2017 Year in Review: Development in Dillon meets resistance
Editor’s note: The Summit Daily is counting down the top 10 stories of 2017, starting today.
It’s been said that Dillon is a sleeper in Summit County. Downtown is nestled just above the shores of Lake Dillon, commanding panoramic views of the Tenmile and Gore ranges. Down the hill from Highway 6, it’s tucked away but still accessible. It boasts the lake’s only deep-water marina and perhaps the best summer music venue in the county.
Yet there has been no new private construction in the area in nearly two decades, and remarkably, downtown Dillon only has about 40 permanent residents. Its aging buildings have started to attract low-rent business, while the lion’s share of Dillon’s tax revenue comes from Dillon Ridge Marketplace, a shopping enclave across the highway that might as well be a different town.
There’s little doubt that downtown Dillon could be a crown jewel of Summit County. In 2017, the Dillon Town Council and its staff have been highly productive trying to make that happen, pushing the kind of pro-growth agenda that hasn’t been seen in years. In demonstrating the town’s eagerness to do business, however, they have confronted a difficult question: Is that what homeowners really want?
The council got an earful earlier this year when it approved a five-story condominium building downtown, with many homeowners objecting to the projects’ size, invoking the specter of Dillon becoming “just like Breckenridge” with its bustle and crowds.
The project, Dillon Flats, included a land transfer from the Dillon Urban Renewal Authority and grew out of efforts in April to re-subdivide underutilized downtown lots and entice new development.
Amid the public outcry, council unanimously approved the project, located on East LaBonte Street. In total, Dillon Flats will include 48 units, 12 of which will be reserved for year-round Summit County workers.
Council members said that while homeowners had legitimate concerns, Dillon Flats was too good to pass up: It would add residential density downtown — which consultants say is necessary to attract business — while taking a modest bite out of the workforce housing crisis.
An equally controversial development, meanwhile, cleared the Planning and Zoning Commission in December and will be up for council vote in January. The Crossroads at Lake Dillon, a five-story, 103-room hotel at the corner of Lake Dillon Drive and Highway 6, is billed as a way to draw people into downtown and serve as a catalyst for further development.
In March, the town council rejected a previous iteration of the project, now some five years in the making, because of its 90-foot height. The developers, chief among them the longtime local Danny Eilts, have since shaved the height down to 58 feet, but some homeowners still say it’s too tall for Dillon.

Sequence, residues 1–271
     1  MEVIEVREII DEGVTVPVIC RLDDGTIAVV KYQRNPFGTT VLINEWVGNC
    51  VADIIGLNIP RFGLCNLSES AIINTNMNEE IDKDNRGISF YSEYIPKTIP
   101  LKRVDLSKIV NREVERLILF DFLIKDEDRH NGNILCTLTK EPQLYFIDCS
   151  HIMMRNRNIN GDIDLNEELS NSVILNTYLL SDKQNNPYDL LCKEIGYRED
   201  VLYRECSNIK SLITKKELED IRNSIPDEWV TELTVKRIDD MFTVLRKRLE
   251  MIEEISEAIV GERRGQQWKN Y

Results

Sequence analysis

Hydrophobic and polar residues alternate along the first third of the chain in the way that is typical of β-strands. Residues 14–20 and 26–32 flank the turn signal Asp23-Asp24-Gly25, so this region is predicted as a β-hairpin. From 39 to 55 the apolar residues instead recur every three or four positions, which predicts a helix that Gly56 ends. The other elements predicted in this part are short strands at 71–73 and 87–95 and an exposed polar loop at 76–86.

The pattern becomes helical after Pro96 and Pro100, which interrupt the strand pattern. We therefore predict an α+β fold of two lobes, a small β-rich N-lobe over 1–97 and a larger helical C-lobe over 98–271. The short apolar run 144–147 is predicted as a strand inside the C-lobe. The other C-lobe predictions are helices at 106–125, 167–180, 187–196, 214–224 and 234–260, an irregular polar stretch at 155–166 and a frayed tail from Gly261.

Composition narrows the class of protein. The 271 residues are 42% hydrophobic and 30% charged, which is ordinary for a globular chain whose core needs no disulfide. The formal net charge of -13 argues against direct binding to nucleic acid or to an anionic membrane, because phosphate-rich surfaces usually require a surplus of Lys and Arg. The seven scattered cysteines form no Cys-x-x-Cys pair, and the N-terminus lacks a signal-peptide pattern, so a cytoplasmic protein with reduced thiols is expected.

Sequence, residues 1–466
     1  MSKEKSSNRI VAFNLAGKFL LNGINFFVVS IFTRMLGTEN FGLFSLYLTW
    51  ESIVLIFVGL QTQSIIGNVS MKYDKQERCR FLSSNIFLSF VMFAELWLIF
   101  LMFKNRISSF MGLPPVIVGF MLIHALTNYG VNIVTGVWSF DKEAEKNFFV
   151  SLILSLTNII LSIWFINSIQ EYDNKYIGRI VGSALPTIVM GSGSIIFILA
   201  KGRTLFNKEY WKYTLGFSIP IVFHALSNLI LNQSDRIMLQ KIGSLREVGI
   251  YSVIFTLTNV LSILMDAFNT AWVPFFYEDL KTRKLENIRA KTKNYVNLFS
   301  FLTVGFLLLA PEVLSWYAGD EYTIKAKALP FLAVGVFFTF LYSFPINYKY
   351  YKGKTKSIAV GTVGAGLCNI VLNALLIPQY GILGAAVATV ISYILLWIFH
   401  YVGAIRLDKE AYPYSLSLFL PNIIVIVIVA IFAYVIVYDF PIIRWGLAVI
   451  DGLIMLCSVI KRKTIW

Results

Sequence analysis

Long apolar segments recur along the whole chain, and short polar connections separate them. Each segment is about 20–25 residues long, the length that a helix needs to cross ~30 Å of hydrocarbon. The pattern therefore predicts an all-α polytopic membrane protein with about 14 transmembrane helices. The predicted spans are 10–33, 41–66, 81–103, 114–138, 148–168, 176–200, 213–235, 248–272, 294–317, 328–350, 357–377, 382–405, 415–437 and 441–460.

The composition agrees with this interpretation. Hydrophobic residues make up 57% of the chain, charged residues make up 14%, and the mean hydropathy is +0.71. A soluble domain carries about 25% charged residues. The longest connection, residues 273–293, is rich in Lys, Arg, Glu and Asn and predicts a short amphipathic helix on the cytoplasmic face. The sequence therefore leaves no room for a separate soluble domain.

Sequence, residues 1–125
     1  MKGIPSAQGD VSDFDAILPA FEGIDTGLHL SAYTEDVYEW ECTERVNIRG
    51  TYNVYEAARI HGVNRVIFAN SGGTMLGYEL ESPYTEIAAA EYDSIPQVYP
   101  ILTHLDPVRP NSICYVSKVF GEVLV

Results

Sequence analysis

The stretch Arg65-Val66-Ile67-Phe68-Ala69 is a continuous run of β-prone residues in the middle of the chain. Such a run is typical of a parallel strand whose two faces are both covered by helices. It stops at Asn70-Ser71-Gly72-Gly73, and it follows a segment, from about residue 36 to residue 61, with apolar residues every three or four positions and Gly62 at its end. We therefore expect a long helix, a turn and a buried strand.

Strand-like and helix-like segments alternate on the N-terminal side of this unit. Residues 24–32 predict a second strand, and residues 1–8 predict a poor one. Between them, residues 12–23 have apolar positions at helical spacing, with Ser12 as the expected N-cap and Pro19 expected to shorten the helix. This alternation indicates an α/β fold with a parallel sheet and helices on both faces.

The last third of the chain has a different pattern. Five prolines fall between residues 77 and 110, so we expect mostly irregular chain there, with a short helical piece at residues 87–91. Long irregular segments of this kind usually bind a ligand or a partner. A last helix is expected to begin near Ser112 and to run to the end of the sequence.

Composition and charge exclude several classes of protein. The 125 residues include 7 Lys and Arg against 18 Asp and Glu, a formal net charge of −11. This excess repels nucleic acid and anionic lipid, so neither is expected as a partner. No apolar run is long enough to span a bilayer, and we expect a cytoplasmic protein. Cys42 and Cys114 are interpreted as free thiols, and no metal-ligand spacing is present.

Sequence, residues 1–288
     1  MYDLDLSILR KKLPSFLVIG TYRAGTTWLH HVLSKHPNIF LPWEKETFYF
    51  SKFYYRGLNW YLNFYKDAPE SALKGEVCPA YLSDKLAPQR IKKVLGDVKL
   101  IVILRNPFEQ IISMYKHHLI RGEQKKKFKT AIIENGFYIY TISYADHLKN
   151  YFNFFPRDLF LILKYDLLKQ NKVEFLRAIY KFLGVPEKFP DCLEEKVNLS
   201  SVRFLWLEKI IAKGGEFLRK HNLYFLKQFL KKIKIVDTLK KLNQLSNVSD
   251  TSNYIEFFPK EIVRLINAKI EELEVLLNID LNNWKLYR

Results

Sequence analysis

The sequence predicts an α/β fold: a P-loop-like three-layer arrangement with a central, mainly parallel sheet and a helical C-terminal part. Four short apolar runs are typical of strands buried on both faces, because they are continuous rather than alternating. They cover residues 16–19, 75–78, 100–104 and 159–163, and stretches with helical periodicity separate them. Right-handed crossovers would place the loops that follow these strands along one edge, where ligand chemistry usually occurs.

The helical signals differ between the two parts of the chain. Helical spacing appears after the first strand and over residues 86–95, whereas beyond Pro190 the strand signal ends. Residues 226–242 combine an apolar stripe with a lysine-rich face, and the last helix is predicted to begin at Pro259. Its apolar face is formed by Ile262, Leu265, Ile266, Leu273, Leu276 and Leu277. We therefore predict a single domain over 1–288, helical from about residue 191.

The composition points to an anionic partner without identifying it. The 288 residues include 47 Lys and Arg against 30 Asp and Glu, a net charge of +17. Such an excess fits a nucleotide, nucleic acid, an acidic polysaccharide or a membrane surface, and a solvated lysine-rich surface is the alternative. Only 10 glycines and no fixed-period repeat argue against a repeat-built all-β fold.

A sizeable majority of Dillon’s homeowners don’t live there full time, in contrast with many in the business community, who have been pining for more economic activity in the core area for decades. Though smaller in number, they have emerged this year as a stronger voice for development, showing up to meetings to back projects they aren’t even involved with.
Eddie O’Brien, who owns several buildings downtown, often poses a rhetorical question to skeptics of the large projects: If we wanted to discuss this over a cup of coffee right now, where would we go? The City Market up on Dillon Ridge?
Everyone agrees that it would be nice to have a café in downtown Dillon. Businessmen like O’Brien, however, sometimes lament the very thing that many absentee homeowners love about Dillon: the fact that there isn’t much going on.
The debate can sometimes seem like two groups talking past each other. While many homeowners agree that Dillon needs more economic activity, they never seem to be OK with the scale that town officials and businessmen say is necessary. Conversely, homeowners’ concerns about traffic and wiped out mountain views seem to fall on deaf ears as well.
The debate around overhauling the Dillon Amphitheatre — which together with Crossroads at the other end of town is envisioned as a second “bookend” for Lake Dillon Drive — may have demonstrated the conflict most clearly.
Last year, town officials embarked on an ambitious rebuild of the quaint hillside music venue, which boasts some of the best views in the county. When construction on the project is complete, a larger venue with modern styling and sharp angles will have replaced the humble pagoda that once stood there. (Town officials say the impact to views will be minimal because the new structure will be further down the hillside.)
For the vocal opposition that cropped up around the project, however, the styling of the building was just as offensive as its lager size. Sure it may draw larger acts, some residents said, but it’s ugly, and not fitting with Dillon’s town character.
The problem is, there seem to be two groups that don’t really agree on what that town character should be. Should Dillon build up, becoming a gleaming city upon a hill? Or is it the town’s sleepiness, its “anti-Vail” character, as one homeowner put it, that makes the place special?
The backhoes are already digging foundations for Dillon Flats, and the amphitheater will be re-opened by next summer’s concert season.
If it’s approved, Crossroads would be the biggest project in downtown Dillon in a generation. If it isn’t, developers warn, the town may never get a chance at such a good project again.
Either way, there’s a good chance Dillon will be a very different town in the next few years. The question is, will the new business be worth the price?
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